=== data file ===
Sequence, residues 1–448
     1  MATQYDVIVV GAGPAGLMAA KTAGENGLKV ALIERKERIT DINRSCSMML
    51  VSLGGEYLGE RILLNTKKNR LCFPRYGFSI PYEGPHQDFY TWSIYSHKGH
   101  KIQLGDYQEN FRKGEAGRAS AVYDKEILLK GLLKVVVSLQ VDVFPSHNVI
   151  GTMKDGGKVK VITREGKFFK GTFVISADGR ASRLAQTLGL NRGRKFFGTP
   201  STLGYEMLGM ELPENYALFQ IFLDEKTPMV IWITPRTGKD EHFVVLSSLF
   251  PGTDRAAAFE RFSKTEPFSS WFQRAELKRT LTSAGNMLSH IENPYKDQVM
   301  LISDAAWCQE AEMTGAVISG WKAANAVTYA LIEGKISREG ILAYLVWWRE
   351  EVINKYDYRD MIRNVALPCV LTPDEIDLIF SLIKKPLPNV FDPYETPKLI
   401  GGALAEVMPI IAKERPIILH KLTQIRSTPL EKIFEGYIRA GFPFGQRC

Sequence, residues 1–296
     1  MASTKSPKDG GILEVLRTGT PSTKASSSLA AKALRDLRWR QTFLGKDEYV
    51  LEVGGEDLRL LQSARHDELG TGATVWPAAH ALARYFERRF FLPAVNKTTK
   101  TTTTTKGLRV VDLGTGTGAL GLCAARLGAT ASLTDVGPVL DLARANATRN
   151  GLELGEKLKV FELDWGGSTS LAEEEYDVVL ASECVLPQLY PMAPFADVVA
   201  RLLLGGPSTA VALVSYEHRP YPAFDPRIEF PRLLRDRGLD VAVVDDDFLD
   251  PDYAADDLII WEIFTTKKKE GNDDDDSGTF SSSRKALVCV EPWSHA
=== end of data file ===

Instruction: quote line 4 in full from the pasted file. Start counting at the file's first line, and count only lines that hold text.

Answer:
   101  KIQLGDYQEN FRKGEAGRAS AVYDKEILLK GLLKVVVSLQ VDVFPSHNVI